Statistics of Drug and Alcohol Addiction in New Hampshire
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Every year, substance abuse kills more than one hundred thousand Americans across the country. We’re gripped by the worst substance abuse epidemic in the history of the nation, and New Hampshire is no exception. In fact, New England has higher substance abuse rates than most of the country, and New Hampshire’s worse-than-average rates are a considerable part of the reason for that. In the decades before 2015, opioid overdose and general drug abuse rates hit their-then peak. While rates stabilized and even declined in 2018 and 2019, the onset of the COVID pandemic has made matters considerably worse.
Drug and Alcohol Addiction in New Hampshire
Since so many cases of substance abuse go unreported, there are no concrete estimates on how exactly how many citizens of New Hampshire struggle with drug addiction. However, we do have access to a variety of grim statistics on substance abuse.
While New Hampshire has long struggled with opioid abuse, the nature of the opioid epidemic has changed. Prescription opioid overdoses peaked at 150 in 2007 and 2008 but then began to decline as new regulations resulted in more cautious prescriptions. However, the arrival of illicit opioids such as fentanyl to the streets of New Hampshire had a catastrophic effect since 2013 and 2014. In a few short years, these harder drugs completely eliminated the gains made in controlling prescription drugs. In recent years, the number of New Hampshire opioid overdose cases wavers between 380 and 410, an almost 200% increase.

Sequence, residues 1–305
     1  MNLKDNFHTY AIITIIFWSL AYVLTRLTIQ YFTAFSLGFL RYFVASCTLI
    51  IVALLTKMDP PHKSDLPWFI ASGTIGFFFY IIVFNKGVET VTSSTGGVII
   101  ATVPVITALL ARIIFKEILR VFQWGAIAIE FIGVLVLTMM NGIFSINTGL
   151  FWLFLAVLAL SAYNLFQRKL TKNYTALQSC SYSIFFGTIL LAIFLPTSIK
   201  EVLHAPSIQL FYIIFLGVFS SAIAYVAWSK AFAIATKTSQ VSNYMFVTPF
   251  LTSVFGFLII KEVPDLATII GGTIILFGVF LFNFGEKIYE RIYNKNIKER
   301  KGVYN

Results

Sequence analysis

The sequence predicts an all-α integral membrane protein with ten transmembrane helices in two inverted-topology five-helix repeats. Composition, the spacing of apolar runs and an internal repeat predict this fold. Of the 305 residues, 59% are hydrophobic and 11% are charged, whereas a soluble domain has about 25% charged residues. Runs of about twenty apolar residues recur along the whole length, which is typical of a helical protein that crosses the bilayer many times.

Besides deaths, New Hampshire is a center of the substance abuse epidemic in a variety of other regards. The National Survey on Drug Abuse and Health found worrying data with regard to alcohol and illicit drug abuse in particular.
For one, the citizens of New Hampshire engage in binge drinking to an almost unparalleled extent. Almost half of all adults that the correspondents surveyed reported binge drinking recently, a figure of 49%. The average across New England is considerably lower, at 44%, and the national statistics are lower still at 40%.
Dangerous, hard drugs also see particularly high rates of abuse in New Hampshire. For the purposes of the survey, illicit drugs exclude marijuana and include cocaine, crack, heroine, inhalants, and various other compounds. Across the nation and throughout the rest of New England, only about 8% of the population uses these dangerous drugs. In New Hampshire, the rate was much higher at 11%.
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